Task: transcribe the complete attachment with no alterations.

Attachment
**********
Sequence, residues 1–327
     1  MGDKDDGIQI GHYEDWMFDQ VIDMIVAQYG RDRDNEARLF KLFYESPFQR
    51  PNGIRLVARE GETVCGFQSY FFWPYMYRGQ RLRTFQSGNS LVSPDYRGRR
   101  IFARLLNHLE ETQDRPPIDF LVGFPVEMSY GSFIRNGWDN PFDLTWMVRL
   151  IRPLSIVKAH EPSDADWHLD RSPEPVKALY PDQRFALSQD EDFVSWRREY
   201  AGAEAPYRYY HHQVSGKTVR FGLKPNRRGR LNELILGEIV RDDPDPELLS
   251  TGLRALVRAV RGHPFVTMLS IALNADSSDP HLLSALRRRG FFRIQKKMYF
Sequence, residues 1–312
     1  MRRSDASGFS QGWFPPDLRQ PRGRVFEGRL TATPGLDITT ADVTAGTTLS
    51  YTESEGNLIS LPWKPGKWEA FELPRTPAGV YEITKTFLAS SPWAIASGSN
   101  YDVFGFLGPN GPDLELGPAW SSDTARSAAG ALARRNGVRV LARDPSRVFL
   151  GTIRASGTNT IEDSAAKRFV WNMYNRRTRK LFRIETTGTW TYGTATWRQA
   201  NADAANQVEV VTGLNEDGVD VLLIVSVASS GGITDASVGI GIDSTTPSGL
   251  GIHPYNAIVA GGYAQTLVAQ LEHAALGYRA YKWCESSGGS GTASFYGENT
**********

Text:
Sequence, residues 1–327
     1  MGDKDDGIQI GHYEDWMFDQ VIDMIVAQYG RDRDNEARLF KLFYESPFQR
    51  PNGIRLVARE GETVCGFQSY FFWPYMYRGQ RLRTFQSGNS LVSPDYRGRR
   101  IFARLLNHLE ETQDRPPIDF LVGFPVEMSY GSFIRNGWDN PFDLTWMVRL
   151  IRPLSIVKAH EPSDADWHLD RSPEPVKALY PDQRFALSQD EDFVSWRREY
   201  AGAEAPYRYY HHQVSGKTVR FGLKPNRRGR LNELILGEIV RDDPDPELLS
   251  TGLRALVRAV RGHPFVTMLS IALNADSSDP HLLSALRRRG FFRIQKKMYF
Sequence, residues 1–312
     1  MRRSDASGFS QGWFPPDLRQ PRGRVFEGRL TATPGLDITT ADVTAGTTLS
    51  YTESEGNLIS LPWKPGKWEA FELPRTPAGV YEITKTFLAS SPWAIASGSN
   101  YDVFGFLGPN GPDLELGPAW SSDTARSAAG ALARRNGVRV LARDPSRVFL
   151  GTIRASGTNT IEDSAAKRFV WNMYNRRTRK LFRIETTGTW TYGTATWRQA
   201  NADAANQVEV VTGLNEDGVD VLLIVSVASS GGITDASVGI GIDSTTPSGL
   251  GIHPYNAIVA GGYAQTLVAQ LEHAALGYRA YKWCESSGGS GTASFYGENT